MANILA - Before the pandemic, Milagros Santillan cooked for students in a school canteen in Pasig City. But when the COVID-19 outbreak forced physical classes to cease, she began using the same canteen to serve customers who wanted Asian meals delivered to their doorsteps.
From the usual sinigang and barbecue served during recess and lunch, Santillan and 2 others learned how to cook laksa and chicken satay. This was after Sacred Heart Academy Pasig transformed its canteen into the commissary of Papaya Kitchen, an online food business specializing in Malaysian and Singaporean dishes.
"Nakatulong siya kasi kahit papaano may income na. Siyempre nung lockdown wala kaming income," Santillan told ABS-CBN News.
(It helped us to regain our income. At the start of the lockdown we did not have any.)
"Maganda din kasi kahit papano may natutunan ako. Kahit papaano nalilibang ka, hindi yung katulad nung sa bahay ka lang, hindi mo alam ang mangyayari sa susunod. Dito, yung attention mo naka-focus sa iba kasi may ginagawa ka," she said.
(It's good to learn something. In some ways, you are distracted, unlike when you're just at home, you are filled with uncertainty. Here, your attention is focused on something else.)
Cristina Kierulf, the school director's wife, created Papaya Kitchen to help displaced canteen staff during the pandemic, said Annie Orense, marketing head of food venture.
"The wife of the school director likes to travel around Asia and likes to cook. During lockdown, she often cooks for the family," Orense said.
"We decided that maybe we should bring it out to the public and create jobs for the cafeteria staff," she said.
Santillan and 2 other canteen workers began learning Mrs. Kierulf's recipes in November 2020. A month later, they began taking orders.
"Siyempre, may pressure kasi Asian food ito. Hindi naman ako sanay sa Asian food kasi puro Filipino food lang ang alam ko," the 50-year-old cook said.
(I was a bit pressured. I am not used to cooking Asian food because I'm more familiar with Filipino food.)
They were also trained to arrange and pack food the way restaurants do, she said.
Since Papaya Kitchen began in November, it has served chicken Hainanese, chicken satay with sambal rice, and laksa to hundreds of customers. It is also looking to expand its menu soon, Orense said.
"We plan to develop more dishes and expand Papaya Kitchen and maybe getting all the [canteen] staff back," she said, noting that customers have been asking for Thai chicken curry or pad thai.
"Our goal is to bring all 30 [canteen staff] back," she said.
While feedback on their products has been good, Orense said hiring back more canteen personnel remains a challenge.
"Some days we don’t have orders, some days we have a lot of orders but we’re really we’re just doing this for the cafeteria staff," she said.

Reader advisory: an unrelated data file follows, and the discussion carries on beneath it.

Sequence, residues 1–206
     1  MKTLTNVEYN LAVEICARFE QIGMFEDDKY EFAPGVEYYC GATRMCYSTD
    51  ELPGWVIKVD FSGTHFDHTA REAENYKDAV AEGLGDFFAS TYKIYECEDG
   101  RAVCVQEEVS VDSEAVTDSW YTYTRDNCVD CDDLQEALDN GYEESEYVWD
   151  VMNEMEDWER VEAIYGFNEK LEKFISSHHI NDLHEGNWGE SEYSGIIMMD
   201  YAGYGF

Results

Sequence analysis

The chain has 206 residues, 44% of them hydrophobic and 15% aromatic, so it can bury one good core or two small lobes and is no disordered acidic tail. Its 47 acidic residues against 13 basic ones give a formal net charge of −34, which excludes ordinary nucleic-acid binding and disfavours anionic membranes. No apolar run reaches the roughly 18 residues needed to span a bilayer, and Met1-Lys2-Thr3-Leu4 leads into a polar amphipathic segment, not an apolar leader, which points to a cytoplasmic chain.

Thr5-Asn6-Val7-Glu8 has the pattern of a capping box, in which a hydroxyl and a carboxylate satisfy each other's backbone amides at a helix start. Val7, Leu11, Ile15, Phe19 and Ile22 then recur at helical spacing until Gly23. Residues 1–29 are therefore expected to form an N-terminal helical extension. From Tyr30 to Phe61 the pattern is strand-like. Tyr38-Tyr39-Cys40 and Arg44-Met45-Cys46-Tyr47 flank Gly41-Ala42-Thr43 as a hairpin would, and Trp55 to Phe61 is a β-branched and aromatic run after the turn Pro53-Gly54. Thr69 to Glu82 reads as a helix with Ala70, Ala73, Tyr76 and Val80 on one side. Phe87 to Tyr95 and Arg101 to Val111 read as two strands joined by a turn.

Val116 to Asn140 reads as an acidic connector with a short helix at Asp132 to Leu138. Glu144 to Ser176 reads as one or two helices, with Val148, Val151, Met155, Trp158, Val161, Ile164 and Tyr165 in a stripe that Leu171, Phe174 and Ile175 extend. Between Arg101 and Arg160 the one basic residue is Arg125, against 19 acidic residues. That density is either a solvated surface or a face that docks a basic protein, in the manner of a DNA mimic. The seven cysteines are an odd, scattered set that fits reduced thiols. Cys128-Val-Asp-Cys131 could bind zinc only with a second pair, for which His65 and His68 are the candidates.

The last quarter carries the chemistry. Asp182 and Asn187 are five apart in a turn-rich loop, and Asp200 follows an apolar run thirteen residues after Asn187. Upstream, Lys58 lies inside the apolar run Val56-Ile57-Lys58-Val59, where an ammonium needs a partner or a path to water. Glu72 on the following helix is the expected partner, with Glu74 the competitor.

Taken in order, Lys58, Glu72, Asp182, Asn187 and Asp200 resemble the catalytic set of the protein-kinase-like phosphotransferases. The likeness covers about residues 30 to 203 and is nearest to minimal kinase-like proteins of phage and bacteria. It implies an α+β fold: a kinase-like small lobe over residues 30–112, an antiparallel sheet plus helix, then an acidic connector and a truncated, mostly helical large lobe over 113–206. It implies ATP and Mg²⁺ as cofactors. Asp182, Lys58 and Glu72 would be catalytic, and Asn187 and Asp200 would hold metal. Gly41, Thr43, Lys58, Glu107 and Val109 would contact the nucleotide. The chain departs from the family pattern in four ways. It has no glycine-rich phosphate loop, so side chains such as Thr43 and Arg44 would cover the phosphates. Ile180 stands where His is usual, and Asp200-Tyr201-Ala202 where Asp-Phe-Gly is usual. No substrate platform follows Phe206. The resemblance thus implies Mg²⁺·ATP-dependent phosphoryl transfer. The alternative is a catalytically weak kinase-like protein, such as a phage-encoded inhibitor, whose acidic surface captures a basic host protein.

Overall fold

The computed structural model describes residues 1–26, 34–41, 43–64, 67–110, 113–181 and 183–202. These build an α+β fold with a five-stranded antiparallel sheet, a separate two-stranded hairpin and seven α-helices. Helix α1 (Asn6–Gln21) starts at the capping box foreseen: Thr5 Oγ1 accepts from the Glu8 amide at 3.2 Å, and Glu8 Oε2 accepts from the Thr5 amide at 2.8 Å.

"There is a lot of uncertainty, especially in these times... We just live by."
A year after Luzon was placed under lockdown due to the global pandemic, the Department of Education (DepEd) has yet to announce when face-to-face classes would resume.
The world's longest lockdown prompted at least 9 percent of businesses in the Philippines, including private schools, to consider permanent closure, according to the Philippine SMEs Competitiveness Report and ITC COVID-19 Business Impact Survey released in November.
The studies were conducted by the International Trade Center (ITC) which is a joint agency of the World Trade Organization and the United Nations, and the Department of Trade and Industry (DTI).
The Senate earlier approved a resolution recommending the resumption of face-to-face classes, but President Rodrigo Duterte said he would only consider the proposal after the rollout of 2 million COVID-19 vaccines.
Papaya Kitchen is doing its best to stay afloat and is hoping to grow despite the uncertainties, Orense said.
"We don't know when face-to-face classes will start again... And we have a kitchen here that’s not being used anymore since the pandemic started so we thought why not make use of it?" she said.
Santillan said she still misses seeing her workplace filled with students queuing for food, but added that she has grown accustomed to their setup in the new normal.
"Sana madagdagan 'yung order namin kasi 'yun naman 'yung goal talaga," she said.
(I hope we get more orders because that it really our goal.)
"Para 'yung mga ibang kasama namin sa canteen, mapapasok na rin."
(We want our other colleagues in our canteen to be employed too.)